Switching platform targets in Visual Studio
One of the most important things to know when working in Cordova is how to switch between target platforms. There aren't obvious controls in Visual Studio for this, but it's there. Either use the Build > Configuration Manager menu item, click the Debug/Release drop-down in the toolbar and select Configuration Manager:
Once you're there, the Active Solution Platforms drop-down is where you set your target.
Doing this will change the main VS toolbar to reflect options available for that target. This is how you switch between targets and run the app on devices and emulators.
Tip: to shortcut this you can add the platform drop-down directly to the toolbar. Right click the toolbar and select Customize at the bottom of the long list. In the dialog that appears, click the Commands tab, then select Toolbar and Standard:
Now click Add Command, then pick Build > Solution Platforms:
This adds the platform drop down to the toolbar. You might need to use the Move Down button in the Customize dialog to place it where you want. I also used the Modify Selection button to narrow the size to 130, and placing it where I wanted I see this on my toolbar:
Running the app, and first issues encountered: varying CSS support
With everything migrated now, I was able to run the app on the Local Machine (Windows) as expected. The one caveat I found is that Cordova at present targets Windows 8.0 and not 8.1 (I think Cordova version 3.6 is supposed to do 8.1), which means that it doesn't understand variable-sized views, and only snapped/filled states. This means that in a narrower view that's later than 320px you get the 320px snapped view inside the wider view like you do with any Windows 8.0 app on 8.1.
On Windows Phone the app ran great in portrait mode, but the layout wasn't working in landscape. Hard to tell why, because the present Cordova targets Windows Phone 8.0 which means the app is running inside a webview inside a Silverlight app. This means there's no debugger support whatsoever, so I can't poke into the DOM to see what's going on.
On Android the layout is all wrong…because an Android webview in which a Cordova app runs doesn't support the CSS3 grid specification as we enjoy on Windows. Urk. I've relied heavily on grid layout but clearly I'll have to convert to flexbox, which is why I said CSS comes up early.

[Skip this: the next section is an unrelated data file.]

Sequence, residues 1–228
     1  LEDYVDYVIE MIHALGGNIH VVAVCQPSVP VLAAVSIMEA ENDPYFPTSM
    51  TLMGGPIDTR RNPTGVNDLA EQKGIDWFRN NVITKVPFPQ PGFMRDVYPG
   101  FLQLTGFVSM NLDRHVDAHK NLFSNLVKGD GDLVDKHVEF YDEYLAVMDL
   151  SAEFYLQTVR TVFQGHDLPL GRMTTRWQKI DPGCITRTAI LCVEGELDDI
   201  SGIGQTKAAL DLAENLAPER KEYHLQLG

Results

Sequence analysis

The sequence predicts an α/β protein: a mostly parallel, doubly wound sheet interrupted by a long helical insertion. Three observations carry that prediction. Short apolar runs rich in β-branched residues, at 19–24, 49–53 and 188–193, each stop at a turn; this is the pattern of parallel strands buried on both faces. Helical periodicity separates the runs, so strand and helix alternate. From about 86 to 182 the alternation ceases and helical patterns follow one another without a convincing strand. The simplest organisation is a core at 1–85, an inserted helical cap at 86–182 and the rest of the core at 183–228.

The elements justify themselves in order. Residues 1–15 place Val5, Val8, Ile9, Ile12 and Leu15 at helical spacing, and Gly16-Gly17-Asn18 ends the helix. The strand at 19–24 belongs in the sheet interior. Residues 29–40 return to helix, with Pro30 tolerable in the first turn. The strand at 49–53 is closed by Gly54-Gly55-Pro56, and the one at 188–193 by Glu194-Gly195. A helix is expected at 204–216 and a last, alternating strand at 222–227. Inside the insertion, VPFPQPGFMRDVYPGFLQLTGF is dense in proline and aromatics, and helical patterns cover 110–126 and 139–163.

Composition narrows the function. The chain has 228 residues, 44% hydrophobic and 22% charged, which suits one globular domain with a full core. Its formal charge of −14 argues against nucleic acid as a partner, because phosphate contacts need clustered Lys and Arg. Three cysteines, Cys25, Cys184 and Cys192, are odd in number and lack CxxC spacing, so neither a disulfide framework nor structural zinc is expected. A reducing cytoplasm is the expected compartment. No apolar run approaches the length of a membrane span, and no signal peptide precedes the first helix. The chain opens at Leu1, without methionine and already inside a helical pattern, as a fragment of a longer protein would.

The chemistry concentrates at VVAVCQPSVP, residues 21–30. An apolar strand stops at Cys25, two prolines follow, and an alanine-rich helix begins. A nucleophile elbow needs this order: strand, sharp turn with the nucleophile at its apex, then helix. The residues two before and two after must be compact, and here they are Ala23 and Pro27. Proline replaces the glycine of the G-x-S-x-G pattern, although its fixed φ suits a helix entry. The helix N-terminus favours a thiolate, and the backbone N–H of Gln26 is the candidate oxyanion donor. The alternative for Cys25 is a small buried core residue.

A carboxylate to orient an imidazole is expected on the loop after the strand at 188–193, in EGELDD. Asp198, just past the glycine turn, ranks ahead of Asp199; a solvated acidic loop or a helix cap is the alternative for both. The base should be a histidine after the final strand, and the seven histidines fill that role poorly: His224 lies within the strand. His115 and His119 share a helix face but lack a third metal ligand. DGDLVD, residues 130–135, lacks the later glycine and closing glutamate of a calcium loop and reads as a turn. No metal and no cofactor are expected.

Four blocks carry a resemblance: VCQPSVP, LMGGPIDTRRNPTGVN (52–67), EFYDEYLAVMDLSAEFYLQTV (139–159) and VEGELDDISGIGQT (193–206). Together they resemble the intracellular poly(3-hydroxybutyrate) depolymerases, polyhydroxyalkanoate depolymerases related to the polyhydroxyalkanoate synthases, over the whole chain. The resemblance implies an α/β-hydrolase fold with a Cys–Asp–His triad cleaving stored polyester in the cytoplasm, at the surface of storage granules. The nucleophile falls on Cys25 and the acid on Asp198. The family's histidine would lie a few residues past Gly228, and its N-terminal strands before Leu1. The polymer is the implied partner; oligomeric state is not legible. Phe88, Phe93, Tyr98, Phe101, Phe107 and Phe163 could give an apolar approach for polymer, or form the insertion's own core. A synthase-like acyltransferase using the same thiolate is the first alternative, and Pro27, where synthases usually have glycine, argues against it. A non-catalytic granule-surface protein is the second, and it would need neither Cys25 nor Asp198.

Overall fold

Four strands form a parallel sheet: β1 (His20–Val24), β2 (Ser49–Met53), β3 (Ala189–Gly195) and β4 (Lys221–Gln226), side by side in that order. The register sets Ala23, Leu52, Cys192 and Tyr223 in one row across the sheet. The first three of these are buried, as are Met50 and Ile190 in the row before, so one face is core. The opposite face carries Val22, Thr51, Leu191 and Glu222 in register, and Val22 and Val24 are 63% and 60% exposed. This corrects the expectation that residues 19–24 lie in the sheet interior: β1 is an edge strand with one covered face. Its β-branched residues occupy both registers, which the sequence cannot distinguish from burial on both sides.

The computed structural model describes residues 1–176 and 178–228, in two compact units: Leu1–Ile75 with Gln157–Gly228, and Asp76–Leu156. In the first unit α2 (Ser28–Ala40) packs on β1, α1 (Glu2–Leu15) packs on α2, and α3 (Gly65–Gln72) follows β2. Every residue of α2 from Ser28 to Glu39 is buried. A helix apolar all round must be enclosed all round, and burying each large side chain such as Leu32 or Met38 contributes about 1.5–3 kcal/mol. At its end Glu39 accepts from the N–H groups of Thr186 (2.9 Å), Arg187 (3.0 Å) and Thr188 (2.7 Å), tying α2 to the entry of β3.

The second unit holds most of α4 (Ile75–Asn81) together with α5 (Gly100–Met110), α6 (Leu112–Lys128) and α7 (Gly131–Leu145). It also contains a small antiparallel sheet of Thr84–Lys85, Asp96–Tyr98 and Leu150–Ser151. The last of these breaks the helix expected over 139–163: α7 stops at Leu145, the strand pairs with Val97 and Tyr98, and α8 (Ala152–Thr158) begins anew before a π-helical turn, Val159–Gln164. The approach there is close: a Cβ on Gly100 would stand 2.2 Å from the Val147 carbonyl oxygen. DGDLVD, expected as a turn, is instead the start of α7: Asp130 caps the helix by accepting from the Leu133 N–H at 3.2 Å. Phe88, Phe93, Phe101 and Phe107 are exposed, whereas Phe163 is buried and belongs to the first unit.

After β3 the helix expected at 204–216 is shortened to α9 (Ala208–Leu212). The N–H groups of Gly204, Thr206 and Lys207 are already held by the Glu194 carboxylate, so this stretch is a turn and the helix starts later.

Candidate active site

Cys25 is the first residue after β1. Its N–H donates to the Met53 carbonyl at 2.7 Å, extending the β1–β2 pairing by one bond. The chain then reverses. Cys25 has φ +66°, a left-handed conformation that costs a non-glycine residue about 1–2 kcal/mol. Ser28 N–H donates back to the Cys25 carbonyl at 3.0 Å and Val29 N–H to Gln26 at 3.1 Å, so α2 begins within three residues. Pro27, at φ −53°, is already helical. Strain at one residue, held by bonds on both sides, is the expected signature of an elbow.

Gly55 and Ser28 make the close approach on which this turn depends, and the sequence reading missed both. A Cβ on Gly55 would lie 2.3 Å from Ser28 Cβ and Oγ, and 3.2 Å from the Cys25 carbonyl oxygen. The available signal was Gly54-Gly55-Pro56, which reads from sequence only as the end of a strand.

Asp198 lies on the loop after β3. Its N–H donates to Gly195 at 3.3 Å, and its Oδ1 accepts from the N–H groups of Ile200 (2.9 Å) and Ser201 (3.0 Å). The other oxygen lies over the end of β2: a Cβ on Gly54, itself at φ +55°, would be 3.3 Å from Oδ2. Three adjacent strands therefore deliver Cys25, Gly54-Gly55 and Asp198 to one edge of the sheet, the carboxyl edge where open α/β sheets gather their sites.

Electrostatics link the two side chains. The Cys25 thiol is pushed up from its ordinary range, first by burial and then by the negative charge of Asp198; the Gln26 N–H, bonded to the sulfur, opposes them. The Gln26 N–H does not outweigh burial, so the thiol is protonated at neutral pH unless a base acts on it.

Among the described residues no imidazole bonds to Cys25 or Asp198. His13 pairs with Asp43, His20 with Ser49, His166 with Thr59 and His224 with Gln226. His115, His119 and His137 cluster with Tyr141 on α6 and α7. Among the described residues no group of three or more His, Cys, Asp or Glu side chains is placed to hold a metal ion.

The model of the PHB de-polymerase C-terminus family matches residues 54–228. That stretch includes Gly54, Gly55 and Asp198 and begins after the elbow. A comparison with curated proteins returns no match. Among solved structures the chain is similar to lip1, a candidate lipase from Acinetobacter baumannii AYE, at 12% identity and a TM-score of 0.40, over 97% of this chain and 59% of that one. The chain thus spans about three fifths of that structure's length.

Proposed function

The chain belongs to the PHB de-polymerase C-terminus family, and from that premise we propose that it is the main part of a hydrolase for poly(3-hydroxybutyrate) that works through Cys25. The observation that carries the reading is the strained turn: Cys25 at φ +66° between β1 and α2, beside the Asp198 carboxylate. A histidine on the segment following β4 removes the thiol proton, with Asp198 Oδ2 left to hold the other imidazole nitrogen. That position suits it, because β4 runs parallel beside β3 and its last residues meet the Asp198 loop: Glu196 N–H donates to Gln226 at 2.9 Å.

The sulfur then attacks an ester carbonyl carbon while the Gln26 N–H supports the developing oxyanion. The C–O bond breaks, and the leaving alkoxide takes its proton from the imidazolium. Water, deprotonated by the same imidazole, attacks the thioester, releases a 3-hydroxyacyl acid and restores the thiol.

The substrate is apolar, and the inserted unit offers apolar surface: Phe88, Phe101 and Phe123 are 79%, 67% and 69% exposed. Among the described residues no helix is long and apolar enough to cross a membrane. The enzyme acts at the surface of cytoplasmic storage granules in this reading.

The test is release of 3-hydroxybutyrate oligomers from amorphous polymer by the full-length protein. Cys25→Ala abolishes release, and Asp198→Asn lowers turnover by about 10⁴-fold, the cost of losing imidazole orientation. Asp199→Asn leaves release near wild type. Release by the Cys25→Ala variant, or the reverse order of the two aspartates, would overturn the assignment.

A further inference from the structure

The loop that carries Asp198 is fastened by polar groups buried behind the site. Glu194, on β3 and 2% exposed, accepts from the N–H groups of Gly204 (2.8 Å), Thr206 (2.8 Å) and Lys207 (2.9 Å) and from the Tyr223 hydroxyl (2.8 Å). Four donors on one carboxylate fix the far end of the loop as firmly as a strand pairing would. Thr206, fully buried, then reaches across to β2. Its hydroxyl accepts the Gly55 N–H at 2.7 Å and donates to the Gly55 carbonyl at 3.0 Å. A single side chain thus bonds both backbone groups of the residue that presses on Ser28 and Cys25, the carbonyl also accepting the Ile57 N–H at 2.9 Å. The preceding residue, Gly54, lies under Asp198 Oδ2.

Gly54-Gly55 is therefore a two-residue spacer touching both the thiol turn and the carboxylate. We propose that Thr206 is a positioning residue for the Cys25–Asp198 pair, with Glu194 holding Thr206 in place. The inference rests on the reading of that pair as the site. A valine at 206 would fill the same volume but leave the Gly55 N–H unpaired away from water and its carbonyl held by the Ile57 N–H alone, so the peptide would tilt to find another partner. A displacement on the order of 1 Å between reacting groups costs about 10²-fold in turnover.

On iOS (in the Ripple emulator), looks like we have the same issue.
The upshot here is that when working in Cordova, your HTML/CSS work is going to be very much like writing responsive web pages for different browsers, because that's really what's happening with Cordova: your code is running inside a webview which has varying capabilities depending on the target platform.
Finding your DOM in the Ripple Emulator
When running on my Android device, Visual Studio's DOM Explorer works just like it does for a Windows app–you can do in and tweak styles and so forth.
When running in the Ripple emulator, you still get the DOM Explorer except that you see everything that's showing in the emulator, including all the surrounding controls:
Egads! Where is my app? Well, the easy way to find it is through that click-to-select button in the upper left above: click that, then click in the emulator, and you'll see the DOM tree expand to where your app is. You'll see that it's located under the sections ui > middle > device-container > viewport container > and then the iframe "document":
What's very cool in the DOM Explorer is that the CSS editor does inherently known what styles are and aren't supported for that target device. I can see right away, for instance, that display: -ms-grid; isn't among those supported for Android and iOS webviews, which isn't at all surprising. So the next job is to convert my grid-based CSS to cross-platform flexbox, which will be the next post.